Tuesday, 22 December 2009

China eating/travel diary part two. Chinglish.

Sometimes in China the bizarre translations get too much and you collapse into a fit of snorting clammed up laughter. Then you make stupid jokes about it for the next 3 days with your travel companion.

So it was with the 'Tuckahoe pie' Was it smut? Or our dirty minds corrupting an innocent Chinglish mistake? Who's to say? Sadly the 'Tuckahoe' didn't really live up to its controversial name, and was just a rubbish synthetic-y sweet. That innuendo did, however, provide enough mirth to see us through an all night train journey that probably could've seemed a whole lot worse otherwise.

Chinese train journeys, if you ever end up on the hard seats, are pretty much Gehenna on wheels, rammed full of people, saliva and smoke everywhere, and probably no sleep and maybe a few screaming babies on top of that if you're lucky. Obviously everyone needs to get somewhere, and there are lot of people in China, and probably not many trains, we shouldn't complain. Buy the ticket, take the ride. Literally.

Incidentally, we were headed to Taiyuan, one of China's heavy industry cities, and one of the most polluted built up areas in the world. There wasn't much of a brightside to our journey.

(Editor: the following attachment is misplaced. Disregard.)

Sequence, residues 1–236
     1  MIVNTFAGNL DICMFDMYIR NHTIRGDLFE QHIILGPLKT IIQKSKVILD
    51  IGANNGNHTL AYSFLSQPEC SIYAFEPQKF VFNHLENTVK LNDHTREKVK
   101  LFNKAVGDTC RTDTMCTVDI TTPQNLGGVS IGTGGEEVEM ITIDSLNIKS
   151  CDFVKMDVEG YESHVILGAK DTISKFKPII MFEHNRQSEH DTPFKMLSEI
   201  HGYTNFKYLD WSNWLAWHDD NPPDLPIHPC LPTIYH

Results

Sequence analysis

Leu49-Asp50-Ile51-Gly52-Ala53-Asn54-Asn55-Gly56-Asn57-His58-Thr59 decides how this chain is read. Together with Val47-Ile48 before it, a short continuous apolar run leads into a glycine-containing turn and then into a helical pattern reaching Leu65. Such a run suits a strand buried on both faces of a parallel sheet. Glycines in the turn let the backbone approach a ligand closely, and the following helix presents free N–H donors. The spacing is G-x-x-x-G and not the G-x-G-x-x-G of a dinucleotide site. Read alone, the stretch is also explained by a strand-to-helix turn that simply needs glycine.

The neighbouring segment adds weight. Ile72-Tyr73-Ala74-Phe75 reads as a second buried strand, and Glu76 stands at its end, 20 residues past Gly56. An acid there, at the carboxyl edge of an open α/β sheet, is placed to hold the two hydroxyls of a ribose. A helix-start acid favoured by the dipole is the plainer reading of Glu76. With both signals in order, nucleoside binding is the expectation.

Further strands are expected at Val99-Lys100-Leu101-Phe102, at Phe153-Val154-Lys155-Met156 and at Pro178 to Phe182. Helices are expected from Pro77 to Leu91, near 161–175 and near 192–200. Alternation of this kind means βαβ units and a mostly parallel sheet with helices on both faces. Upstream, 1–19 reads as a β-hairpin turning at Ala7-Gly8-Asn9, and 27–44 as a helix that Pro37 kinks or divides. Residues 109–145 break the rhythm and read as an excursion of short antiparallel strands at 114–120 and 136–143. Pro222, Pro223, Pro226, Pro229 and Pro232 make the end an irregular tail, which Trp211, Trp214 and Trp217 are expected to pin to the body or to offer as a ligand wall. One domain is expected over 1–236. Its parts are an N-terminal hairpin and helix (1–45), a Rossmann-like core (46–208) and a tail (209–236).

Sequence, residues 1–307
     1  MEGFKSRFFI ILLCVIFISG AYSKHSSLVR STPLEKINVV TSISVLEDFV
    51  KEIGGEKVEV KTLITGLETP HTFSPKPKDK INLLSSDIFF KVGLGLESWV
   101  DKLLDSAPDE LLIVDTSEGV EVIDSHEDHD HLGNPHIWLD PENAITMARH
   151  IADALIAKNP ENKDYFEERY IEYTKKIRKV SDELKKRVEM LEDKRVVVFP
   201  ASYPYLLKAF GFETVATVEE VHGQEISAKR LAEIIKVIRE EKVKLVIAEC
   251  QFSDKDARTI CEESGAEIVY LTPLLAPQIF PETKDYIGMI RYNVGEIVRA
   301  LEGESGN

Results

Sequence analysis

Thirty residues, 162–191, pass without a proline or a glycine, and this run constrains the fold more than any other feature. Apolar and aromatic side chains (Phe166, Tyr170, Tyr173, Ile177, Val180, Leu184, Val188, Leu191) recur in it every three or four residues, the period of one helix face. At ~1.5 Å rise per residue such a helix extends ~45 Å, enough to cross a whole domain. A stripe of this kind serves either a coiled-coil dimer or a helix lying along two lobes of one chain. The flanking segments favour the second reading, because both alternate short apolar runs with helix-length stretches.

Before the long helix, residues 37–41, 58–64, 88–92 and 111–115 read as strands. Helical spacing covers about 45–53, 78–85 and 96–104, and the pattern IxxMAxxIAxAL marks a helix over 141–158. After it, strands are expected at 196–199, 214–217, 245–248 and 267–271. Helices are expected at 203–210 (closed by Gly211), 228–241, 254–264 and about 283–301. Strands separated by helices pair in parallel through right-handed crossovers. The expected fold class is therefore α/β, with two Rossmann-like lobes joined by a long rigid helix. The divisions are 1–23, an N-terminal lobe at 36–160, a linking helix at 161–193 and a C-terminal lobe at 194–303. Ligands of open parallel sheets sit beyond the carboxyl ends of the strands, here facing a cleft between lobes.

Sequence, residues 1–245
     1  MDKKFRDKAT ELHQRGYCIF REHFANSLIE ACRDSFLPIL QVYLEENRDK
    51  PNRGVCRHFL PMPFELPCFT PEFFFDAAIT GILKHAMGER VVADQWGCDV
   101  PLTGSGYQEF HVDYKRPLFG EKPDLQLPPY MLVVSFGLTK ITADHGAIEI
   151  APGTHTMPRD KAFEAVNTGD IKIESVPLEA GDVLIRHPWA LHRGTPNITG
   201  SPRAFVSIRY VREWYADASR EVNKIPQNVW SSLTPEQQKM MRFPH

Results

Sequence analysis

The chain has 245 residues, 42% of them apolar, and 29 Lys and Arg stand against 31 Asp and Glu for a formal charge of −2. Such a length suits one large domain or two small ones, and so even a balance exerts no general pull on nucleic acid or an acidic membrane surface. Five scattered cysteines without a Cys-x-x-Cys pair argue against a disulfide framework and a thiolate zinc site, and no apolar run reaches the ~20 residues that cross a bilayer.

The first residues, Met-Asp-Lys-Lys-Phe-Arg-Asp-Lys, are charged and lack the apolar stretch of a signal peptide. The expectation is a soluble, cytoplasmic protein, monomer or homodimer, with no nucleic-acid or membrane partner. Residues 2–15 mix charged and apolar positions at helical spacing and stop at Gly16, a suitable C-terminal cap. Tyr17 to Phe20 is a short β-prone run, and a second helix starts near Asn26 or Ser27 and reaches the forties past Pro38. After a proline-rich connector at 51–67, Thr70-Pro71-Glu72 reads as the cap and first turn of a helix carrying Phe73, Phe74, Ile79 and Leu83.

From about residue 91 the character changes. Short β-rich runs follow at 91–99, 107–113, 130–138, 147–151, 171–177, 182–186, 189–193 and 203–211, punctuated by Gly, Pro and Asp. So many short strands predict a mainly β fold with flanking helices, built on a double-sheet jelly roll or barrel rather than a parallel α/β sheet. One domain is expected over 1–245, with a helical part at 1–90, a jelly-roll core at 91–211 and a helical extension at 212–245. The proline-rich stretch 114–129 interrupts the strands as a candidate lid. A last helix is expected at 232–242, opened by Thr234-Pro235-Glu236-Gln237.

A lot of people who've been traveling round China are heard to grumble on return 'but the food was actually rubbish, much better at my local takeaway'. Now that's definitely not true, but we can easily see how you could get bogged down eating nasty, greasy sweet'n'sour pork or fried rice for every meal. We ate that stuff a lot too, mainly because all the menus are in Chinese characters outside very touristy areas. Luckily in Taiyuan we had a local friend. Either that or praps Taiyuan is the fine dining capital of the middle country, who knows?

Whatever the reason, both meal's eaten in Taiyuan were amazing. Basically everything you'd want Chinese food to be. Deep fried potatoes & been sprouts, charred charcoaled up aubergines and seriously awesome fresh noodles. Apparently Marco Polo stole the concept of noodles all the way home to Italy and called it tagliatelle.

The second meal in Taiyuan was at a place that specialises in dumplings and that was even better - there were some fried up tempura style mushrooms with chilli dipping sauce, (like Marco Polo, apparently the Japs stole this one), also chili and chicken spicy (very) soup and about 3 different types of dumpling including amazing egg and spring onion ones. Without a doubt the two best meals of the trip so far. Good eating!

Our reconnaissance mission then ended up in Xi'an, one of China's ancient capitals. Everything there has more of an Arab slant than the rest of China; this is 'cause ages ago lots of Arabs used to trade here, they fooled around with some local girls, got them pregnant and hundreds of years later their descendants now get called the Hui people.

Most cool of all to a western food starved stomach is the fact that they make Chinese hamburgers in Xi'an. For about 30p you get a awesomely unctuous scraping of chicken, leaves and chilli sauce in a bun. So good! Sadly, no one tried to explain to me how China invented the burger too..